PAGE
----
Owner of Nellie’s Deli & Tap House in Sutherlin
“So 2020 proved to be challenging and now 2021 is also proving that. As far as my business goes, I have a loyal and wonderful following of customers. They are the true heroes here. Even through closures, they return again and again. My challenge is keeping employees. Each time I close my dining room I am forced to lay them off. Some are eligible for unemployment, some are not and go find other jobs. This lay off I am going to try something different. I am going to apply for a second (Paycheck Protection Program) loan and keep all my employees on and see how that works. It is hard for all of us. I try to just roll with the punches. I do admit it is very frustrating and for my health, I try not to get too keyed up about it. ‘What’s gonna be is gonna be,’ is my philosophy and I have no desire or time to fight the government.”
Shelley Briggs Loosley
Chair of the board of directors for the YMCA of Douglas County
“Knowing we were going to be in the extreme category we got a jump on what can we do and how will we look. Matt Lund, our CEO, came up last Friday for an all-staff meeting (those that are left) and myself. We will be ready to fit within the guidelines of the extreme risk beginning Friday morning. We are communicating with our members so they are prepared. Everything we are set up to do fits within the extreme guidelines so we are compliant. One of our board members is Dr. Bob Dannenhoffer. I replaced him as board chair and we will be in compliance because we are the Y and we honor Dr. Bob’s position in this whole pandemic and he wants the best for us too. We are ready and wish we didn’t have to go into the extreme category, but hope the community will act responsibly and we can go back in two weeks. It’s a temporary two weeks. The outdoor area has remained open. We are hoping by getting information to our current members we will hold on to them for the next two weeks. Everything inside will be on a reservation system to control the number. Outside classes will remain the same, no changes, still outside.
Owner of Loggers Tap House in Roseburg
“Going back to the extreme category is hard. We’ll go back to outside dining but even with that sales will drop significantly. We were lucky enough to get the second round of PPP. We’ll use those funds to keep most of our staff working. We’ll provide more training and work on other projects around the restaurant. This will mean that the drive-thru restaurants will continue to excel while the more traditional dine-in restaurants will suffer. Some businesses can’t do outdoor seating and it will be extra hard for them. There are also more recent startups that qualify for little or no PPP funds and those are the ones that are likely not to make it.”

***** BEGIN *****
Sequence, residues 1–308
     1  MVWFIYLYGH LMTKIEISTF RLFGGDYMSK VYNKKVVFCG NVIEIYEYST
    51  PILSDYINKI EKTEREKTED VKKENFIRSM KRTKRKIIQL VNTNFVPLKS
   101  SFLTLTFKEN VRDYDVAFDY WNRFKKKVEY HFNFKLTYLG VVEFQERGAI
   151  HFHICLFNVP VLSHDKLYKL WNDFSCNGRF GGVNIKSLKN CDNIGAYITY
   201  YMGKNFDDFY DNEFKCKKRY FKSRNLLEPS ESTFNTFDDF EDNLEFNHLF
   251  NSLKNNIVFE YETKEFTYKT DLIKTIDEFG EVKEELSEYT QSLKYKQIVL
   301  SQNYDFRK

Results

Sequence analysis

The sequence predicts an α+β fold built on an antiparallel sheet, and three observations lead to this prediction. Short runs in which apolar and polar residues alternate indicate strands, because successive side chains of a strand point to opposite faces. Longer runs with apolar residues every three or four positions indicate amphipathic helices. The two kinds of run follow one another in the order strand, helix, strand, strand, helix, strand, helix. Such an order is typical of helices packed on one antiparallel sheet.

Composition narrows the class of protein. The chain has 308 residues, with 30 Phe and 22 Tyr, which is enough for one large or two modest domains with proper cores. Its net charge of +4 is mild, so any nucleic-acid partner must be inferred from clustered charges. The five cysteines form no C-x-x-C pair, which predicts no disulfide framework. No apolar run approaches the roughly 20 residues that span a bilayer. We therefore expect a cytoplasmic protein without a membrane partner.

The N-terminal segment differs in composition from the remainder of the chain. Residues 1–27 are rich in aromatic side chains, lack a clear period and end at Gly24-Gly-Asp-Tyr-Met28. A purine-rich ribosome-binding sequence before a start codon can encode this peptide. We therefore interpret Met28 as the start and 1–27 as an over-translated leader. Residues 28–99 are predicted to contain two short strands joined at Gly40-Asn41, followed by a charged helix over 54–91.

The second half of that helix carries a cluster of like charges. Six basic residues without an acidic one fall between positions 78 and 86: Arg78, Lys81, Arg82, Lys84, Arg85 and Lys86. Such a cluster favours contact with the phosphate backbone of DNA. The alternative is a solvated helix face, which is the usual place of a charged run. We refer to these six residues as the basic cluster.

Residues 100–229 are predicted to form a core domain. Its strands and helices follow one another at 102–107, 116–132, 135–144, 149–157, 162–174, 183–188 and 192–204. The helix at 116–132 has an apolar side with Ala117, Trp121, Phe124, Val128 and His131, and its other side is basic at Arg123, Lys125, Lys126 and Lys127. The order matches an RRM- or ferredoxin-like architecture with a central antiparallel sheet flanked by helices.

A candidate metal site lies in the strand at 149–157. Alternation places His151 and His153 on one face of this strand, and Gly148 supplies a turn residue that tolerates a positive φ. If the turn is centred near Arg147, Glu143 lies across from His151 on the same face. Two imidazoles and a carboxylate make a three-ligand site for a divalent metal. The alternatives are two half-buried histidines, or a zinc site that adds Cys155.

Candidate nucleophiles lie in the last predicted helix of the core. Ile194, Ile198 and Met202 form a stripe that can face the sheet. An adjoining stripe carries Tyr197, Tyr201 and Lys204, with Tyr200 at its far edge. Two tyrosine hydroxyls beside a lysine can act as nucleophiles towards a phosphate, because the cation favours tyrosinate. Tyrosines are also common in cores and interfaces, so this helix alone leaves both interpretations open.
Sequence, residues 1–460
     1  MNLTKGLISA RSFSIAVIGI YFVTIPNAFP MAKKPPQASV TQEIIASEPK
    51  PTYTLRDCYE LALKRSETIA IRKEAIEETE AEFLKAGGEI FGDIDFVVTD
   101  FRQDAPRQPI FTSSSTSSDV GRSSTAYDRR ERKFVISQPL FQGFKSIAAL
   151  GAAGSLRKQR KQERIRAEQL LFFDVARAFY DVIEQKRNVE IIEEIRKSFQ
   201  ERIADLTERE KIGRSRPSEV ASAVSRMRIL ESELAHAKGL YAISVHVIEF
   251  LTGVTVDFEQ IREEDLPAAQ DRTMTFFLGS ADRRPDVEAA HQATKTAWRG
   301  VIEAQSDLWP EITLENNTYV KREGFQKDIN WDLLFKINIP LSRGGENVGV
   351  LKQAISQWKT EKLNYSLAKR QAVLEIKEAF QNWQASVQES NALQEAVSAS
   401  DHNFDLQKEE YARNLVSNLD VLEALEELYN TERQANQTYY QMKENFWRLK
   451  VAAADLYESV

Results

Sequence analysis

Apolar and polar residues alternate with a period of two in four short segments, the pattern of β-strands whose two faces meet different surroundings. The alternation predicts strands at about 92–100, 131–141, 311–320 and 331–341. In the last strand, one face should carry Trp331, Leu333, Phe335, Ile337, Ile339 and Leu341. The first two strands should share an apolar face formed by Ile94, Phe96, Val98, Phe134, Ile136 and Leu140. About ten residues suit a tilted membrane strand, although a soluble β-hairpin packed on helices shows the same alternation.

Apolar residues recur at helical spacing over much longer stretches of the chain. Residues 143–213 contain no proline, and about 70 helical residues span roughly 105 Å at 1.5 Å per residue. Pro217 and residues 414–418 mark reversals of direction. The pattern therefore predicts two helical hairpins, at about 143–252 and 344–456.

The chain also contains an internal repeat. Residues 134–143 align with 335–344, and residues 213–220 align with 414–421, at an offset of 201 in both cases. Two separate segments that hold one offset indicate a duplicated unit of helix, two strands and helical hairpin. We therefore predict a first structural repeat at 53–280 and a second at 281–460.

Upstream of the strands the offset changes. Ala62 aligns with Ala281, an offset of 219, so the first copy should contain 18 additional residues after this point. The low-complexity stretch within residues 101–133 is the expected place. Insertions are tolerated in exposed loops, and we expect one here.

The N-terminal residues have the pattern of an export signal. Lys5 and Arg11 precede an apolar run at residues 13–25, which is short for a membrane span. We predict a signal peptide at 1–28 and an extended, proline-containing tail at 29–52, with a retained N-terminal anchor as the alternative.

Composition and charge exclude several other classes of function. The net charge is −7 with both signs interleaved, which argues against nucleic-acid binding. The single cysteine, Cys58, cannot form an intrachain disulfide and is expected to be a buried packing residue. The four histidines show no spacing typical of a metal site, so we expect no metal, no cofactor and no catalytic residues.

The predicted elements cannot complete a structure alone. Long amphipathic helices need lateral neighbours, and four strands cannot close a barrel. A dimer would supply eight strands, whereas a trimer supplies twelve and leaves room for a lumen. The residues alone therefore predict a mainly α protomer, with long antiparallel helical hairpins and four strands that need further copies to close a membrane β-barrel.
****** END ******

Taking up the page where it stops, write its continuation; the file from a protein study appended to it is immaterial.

Gross is also preparing to open a second Loggers in Winston.
“There is still a lot to do but everyone is working hard. We think we’ll be able to open around April 1. Hopefully, it will be for more than just takeout.”
Co-owner at TenDown Bowling & Entertainment in Roseburg
“Yes, Douglas County went over its case count limit to remain in the ‘high risk’ category last Tuesday. We’ve spent a lot of time studying the ‘extreme risk’ guidelines for businesses like ours to operate, and have decided to close during this upcoming two-week period. Hopefully, our county case numbers will slow so we can move back to a phase that will allow us to welcome customers back inside the building.”
Douglas County schools will remain open even though several local businesses will be forced to close or limit interactions with customers due to rising COVID-19 cases in the area.
Gov. Kate Brown announced Tuesday that Douglas County will be moving into the extreme risk category, starting Friday. In the two-week period ending Feb. 20, there were 358 coronavirus cases in the county, which equals 318.9 cases per 100,000 people.
All schools in Douglas County are currently open to at least partial in-person learning.
The Oregon Department of Education advises schools to pause the expansion of in-person learning, but does not recommend going back to Comprehensive Distance Learning. The only reason to return to distance learning would be if there’s transmission in the schools.
Local officials have repeatedly said there has been no evidence of spread of COVID-19 within the schools.
There have been more than 70 reported COVID-19 cases since the start of the school year, and at least one case at each public school district in the county.